Mar 26, 2020

Australian Agriculture – Nourishing and Employing Our People

Agriculture. It is the very industry our country was founded upon and one that remains a constant and reassuring presence during these unknown and challenging times. 

With the arrival of COVID-19, subsequent social distancing and self-isolation, the demand for protein and perishables has hit an unprecedented high. This huge increase in consumer shopping sees our farmers working harder than ever to meet these demands for quality produce and they need extra staff to keep up. 

While we have previously seen the effects of economic downturn, people must be fed and clothed, and this increased demand is already resulting in more job opportunities across the agriculture space. This increase in jobs may be a lifeline to those unable to continue in their current role due to the new restrictionsor through the drought and recent bushfires (which are still impacting the country) 

For many, the agriculture industry provides an excellent platform for people to utilise existing skills that are transferrable across a range of sectors. It can be a win-win situation where people find rewarding new jobs and business operators in rural and regional Australia get the experience and knowledge from a wider pool of candidates who may not have previously considered agriculture as career industry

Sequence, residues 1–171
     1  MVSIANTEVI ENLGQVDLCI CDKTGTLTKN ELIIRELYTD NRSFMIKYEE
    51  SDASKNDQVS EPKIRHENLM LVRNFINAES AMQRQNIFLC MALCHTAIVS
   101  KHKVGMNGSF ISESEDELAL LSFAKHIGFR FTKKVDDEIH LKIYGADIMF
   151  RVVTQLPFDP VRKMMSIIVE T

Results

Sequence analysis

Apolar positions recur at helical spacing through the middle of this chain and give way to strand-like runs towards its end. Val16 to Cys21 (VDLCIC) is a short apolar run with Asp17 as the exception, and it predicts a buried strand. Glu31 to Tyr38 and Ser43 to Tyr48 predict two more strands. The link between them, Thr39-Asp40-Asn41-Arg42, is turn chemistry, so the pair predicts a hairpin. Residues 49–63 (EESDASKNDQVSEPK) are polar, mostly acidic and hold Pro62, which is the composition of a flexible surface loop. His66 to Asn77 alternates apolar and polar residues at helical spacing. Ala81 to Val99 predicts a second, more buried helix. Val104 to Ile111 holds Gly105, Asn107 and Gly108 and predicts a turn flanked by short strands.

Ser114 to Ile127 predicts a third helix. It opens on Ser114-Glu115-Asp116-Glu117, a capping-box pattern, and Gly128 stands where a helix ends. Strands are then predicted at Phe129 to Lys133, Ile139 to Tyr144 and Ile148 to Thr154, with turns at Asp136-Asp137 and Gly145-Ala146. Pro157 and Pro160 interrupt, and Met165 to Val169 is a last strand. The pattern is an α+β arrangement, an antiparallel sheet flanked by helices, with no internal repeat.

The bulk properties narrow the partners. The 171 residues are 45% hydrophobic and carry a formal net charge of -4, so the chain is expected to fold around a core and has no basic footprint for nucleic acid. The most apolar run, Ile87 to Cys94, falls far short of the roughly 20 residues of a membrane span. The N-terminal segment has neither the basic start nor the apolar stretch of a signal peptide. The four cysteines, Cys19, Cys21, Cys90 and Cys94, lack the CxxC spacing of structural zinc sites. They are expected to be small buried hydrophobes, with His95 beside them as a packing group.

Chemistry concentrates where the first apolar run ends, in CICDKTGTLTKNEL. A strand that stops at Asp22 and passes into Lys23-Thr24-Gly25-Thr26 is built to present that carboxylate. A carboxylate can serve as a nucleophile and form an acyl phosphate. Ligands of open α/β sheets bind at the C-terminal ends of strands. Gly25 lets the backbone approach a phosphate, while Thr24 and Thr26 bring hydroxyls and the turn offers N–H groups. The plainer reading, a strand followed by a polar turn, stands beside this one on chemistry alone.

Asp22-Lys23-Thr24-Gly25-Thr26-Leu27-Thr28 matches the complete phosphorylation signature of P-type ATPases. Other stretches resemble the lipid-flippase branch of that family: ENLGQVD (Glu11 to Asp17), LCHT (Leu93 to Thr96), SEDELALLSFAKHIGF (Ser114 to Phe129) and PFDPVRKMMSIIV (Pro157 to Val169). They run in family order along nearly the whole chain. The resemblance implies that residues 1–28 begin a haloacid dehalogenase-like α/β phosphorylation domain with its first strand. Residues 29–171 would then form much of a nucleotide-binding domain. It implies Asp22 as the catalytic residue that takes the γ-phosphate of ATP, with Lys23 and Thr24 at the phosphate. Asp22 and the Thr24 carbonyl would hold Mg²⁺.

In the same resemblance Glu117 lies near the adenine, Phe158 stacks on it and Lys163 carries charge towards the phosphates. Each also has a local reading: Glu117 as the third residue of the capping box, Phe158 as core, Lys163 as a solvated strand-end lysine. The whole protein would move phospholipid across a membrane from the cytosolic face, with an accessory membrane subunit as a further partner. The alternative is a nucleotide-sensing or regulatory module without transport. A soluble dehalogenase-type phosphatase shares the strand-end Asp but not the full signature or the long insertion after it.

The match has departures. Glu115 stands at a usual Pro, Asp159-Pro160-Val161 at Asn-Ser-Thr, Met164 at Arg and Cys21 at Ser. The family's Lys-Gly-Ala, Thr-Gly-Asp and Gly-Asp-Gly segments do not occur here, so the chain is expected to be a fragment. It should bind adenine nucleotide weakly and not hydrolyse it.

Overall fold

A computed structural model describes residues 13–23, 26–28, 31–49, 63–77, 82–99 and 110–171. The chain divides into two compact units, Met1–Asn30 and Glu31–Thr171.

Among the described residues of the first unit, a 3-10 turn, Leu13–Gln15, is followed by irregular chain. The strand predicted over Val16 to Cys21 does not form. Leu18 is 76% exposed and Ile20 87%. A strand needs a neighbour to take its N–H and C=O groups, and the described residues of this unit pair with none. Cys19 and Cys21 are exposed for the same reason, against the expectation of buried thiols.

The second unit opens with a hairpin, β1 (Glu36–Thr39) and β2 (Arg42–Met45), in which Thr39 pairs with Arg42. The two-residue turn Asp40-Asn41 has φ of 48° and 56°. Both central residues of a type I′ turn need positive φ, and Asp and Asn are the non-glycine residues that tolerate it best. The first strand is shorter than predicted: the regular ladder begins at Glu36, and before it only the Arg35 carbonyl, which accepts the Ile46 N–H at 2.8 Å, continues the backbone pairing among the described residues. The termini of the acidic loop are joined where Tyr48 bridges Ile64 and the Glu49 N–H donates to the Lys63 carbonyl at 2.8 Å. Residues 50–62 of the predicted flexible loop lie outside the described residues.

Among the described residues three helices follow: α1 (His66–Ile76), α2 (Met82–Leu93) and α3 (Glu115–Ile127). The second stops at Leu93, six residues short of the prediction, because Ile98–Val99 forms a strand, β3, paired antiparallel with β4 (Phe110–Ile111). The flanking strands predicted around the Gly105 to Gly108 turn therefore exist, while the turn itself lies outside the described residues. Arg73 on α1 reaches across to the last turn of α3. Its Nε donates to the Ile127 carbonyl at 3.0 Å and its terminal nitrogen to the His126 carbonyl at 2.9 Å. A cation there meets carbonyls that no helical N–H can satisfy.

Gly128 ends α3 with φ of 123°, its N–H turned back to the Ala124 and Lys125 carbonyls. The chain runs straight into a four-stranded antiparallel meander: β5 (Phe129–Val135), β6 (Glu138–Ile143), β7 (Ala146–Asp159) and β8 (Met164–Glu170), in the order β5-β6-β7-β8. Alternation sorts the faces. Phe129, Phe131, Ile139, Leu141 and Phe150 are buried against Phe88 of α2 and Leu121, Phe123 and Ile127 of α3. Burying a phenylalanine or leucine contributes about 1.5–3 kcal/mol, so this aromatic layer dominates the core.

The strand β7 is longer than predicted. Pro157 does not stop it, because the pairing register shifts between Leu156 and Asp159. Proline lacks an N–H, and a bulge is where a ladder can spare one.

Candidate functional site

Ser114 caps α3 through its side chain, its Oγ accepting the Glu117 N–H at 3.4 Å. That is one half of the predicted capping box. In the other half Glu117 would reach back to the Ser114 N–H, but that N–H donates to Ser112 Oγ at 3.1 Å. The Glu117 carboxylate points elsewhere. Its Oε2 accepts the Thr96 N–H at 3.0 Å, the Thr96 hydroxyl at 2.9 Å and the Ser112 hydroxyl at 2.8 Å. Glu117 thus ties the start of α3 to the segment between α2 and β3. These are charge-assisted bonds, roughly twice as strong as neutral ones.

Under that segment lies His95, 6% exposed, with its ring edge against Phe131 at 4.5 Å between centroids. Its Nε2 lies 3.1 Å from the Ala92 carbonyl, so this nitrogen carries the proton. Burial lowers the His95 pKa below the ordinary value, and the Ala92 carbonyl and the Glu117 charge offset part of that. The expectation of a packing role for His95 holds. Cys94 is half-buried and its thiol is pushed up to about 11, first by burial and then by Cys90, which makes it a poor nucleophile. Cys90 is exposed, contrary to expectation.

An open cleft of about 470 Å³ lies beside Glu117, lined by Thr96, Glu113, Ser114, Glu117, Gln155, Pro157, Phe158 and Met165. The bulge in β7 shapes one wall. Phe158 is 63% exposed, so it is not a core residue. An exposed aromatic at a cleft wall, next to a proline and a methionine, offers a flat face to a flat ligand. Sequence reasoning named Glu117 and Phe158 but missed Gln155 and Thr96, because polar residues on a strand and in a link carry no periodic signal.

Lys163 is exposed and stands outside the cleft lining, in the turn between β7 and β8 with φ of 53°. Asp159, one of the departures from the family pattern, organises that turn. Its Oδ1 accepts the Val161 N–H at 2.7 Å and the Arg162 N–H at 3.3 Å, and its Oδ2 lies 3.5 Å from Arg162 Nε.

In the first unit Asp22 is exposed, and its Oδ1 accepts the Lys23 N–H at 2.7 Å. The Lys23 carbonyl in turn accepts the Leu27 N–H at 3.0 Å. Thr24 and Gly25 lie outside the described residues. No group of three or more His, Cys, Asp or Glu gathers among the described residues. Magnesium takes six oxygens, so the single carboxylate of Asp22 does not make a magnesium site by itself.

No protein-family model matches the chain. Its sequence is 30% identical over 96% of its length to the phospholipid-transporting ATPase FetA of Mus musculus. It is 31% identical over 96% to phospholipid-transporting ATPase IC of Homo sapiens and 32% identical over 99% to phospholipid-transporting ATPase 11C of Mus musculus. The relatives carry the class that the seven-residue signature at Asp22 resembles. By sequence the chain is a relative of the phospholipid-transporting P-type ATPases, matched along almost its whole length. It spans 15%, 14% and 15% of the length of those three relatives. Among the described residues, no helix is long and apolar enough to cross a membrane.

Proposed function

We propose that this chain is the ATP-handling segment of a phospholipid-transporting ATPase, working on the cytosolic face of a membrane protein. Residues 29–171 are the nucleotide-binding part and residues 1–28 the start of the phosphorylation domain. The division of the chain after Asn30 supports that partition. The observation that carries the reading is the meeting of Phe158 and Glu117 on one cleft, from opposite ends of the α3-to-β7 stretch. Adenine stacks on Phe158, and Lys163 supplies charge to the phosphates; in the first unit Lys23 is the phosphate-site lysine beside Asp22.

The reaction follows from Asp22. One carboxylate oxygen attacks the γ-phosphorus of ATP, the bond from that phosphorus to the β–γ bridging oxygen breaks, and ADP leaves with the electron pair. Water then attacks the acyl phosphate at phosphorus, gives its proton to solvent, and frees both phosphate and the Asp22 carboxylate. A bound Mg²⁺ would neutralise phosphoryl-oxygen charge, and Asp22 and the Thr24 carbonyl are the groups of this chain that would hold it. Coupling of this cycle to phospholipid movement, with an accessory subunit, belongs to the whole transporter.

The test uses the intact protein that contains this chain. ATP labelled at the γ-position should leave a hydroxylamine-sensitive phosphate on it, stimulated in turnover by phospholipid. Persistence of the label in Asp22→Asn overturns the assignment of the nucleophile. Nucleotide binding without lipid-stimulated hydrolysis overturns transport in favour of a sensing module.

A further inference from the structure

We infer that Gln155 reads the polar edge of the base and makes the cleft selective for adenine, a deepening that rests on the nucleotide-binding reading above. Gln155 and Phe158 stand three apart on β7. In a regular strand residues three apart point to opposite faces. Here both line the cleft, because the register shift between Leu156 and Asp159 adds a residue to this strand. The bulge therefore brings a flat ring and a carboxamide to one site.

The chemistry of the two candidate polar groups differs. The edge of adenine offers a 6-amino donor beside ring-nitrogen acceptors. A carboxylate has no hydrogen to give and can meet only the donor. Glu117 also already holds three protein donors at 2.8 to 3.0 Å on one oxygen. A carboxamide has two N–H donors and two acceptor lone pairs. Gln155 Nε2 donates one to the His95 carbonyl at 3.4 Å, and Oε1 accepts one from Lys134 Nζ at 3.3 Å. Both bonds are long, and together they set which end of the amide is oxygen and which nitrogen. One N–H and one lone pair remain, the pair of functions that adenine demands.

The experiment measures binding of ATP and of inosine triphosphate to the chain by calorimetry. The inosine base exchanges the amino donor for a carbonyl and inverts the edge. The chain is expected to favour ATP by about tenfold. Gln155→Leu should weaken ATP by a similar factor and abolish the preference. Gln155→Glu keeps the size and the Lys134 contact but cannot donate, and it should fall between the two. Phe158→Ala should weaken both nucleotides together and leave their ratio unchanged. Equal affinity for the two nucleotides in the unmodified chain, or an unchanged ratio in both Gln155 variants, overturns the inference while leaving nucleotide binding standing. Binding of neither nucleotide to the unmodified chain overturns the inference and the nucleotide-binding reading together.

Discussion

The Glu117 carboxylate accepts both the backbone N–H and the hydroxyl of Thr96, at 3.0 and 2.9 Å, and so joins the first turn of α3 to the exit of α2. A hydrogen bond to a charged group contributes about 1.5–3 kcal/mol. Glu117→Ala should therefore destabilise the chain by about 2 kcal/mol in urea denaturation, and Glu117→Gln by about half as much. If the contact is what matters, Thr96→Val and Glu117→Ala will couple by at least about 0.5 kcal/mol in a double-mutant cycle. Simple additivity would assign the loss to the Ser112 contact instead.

Agriculture has many facets. It’s not just about farming cattle and crops – there’s diversity, great mateship and world leading technology applied throughout the industry that makes for exciting job prospects. One area is Fast Moving Consumer Goods (FMCG) – this is now a huge part of agriculture and roles can be anything from Business Development Managers and WHS Officers right through to Mechanics and Forklift Operators. This is just one example – there’s just so much opportunity across the board.  

There’s also plenty for those who don’t have a trade or key set of skills, with interesting roles happening all over Australia. People can find work anywhere from the Northern Territory all the way down to Tasmania, with many business operators open to giving people the chance to prove themselves if they’re willing and show commitment to the job.  

Another key facet of agriculture is the lifestyle associated with living in rural and regional areas. Having experienced extremely difficult times for several years, these communities play a vital role in supporting all our farmers and the many people who come to work for a season or long term. The inclusiveness, community events and lifestyle that country living offers is going to become more attractive as the Coronavirus subsides and people focus more on the health and wellbeing of themselves and their families. 

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